PedagogyPop QuizSecondary Education

Pop Quiz: Today’s Lesson Will Begin After These Trailers

Yesterday was the last day of term here before our two-week April break. It was a dress-down day, the school was quieter than usual due to quite a few pupils opting to start their break a day early, and there was a pretty cheery atmosphere around the building. The preceding …

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Critical ThinkingFeaturedHigher EducationLesson PlansPedagogySecondary Education

Lesson Plans: Goodnight, Sweet Skeptic

Most of us are familiar, at least tangentially, with Shakespeare’s Tragedy of Hamlet, Prince of Denmark. At the very least, we probably know that the eponymous Hamlet has some problems. We may also know (or think we know) that one of those problems is a tendency toward indecisiveness; readers/viewers declare …

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Critical ThinkingPedagogyPop Quiz

Pop Quiz: How useful are tests, anyway?

As some of you may or may not be aware, most PhD students outside the discipline of Education are never required to take any classes in paedagogy in order to “learn” how to teach at the university level, or indeed at any other. Rather, it’s kind of magically expected that …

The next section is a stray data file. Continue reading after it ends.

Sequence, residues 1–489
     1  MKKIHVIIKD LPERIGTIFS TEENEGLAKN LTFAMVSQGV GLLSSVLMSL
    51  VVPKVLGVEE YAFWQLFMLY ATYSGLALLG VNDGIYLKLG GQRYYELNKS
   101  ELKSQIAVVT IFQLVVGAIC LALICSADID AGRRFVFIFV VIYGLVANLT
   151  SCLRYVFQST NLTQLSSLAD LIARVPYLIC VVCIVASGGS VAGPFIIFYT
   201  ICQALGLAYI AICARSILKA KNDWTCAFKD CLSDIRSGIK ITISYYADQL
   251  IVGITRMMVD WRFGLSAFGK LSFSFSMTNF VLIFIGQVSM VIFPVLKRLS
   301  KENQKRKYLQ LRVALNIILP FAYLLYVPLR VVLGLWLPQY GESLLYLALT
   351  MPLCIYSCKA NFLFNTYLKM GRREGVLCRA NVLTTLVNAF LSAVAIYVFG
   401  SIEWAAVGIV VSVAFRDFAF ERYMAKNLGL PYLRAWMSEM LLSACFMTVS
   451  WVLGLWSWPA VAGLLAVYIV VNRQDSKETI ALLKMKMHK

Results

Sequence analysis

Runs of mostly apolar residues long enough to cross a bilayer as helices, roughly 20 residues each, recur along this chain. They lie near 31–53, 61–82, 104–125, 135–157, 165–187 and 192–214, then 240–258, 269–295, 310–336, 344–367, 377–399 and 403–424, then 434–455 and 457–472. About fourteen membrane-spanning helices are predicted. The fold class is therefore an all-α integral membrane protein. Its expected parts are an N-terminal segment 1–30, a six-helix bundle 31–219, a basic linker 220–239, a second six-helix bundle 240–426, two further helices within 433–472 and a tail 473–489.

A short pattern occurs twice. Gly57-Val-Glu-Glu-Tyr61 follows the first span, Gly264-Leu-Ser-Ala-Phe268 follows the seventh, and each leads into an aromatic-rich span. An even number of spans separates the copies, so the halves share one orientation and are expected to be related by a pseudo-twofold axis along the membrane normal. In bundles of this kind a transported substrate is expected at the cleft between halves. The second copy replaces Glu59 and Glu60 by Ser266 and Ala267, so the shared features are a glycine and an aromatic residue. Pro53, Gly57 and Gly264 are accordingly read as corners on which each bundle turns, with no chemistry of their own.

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A shelf full of books.
Higher EducationPedagogyRequired ReadingsSecondary EducationTechnology

RR: 10 March 2013

Good morning, scholars! I know many of us will be especially grumpy today after sacrificing an hour of sleep on the altar of daylight savings. Please take all the time you need for these Required Readings; there’s no quiz: Stories about public school districts that are adopting the newfangled “flipped …

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Higher EducationPedagogyReligion

Professor! I have the perfect paper topic! Harry Potter is just like Jesus!

See also: Dumbledore is just like Jesus. And Gandalf…wait for it…just like Jesus! No, hold on…FRODO is Jesus… If I had a dollar for every student who tried to write that paper, I would have retired from teaching by now. So what’s the problem? For one, labeling every heroic protagonist …

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Critical ThinkingHigher EducationLesson PlansPedagogySecondary Education

Lesson Plans: Using Shirley Jackson’s “The Lottery” To Teach Logical Fallacies

Shirley Jackson’s short story “The Lottery” must stand as one of the most anthologized works in literature textbook history. Here, from the vantage point of my professorial desk, I can lay eyes on at least four volumes that feature it. What’s so great about “The Lottery?” For one, the story …

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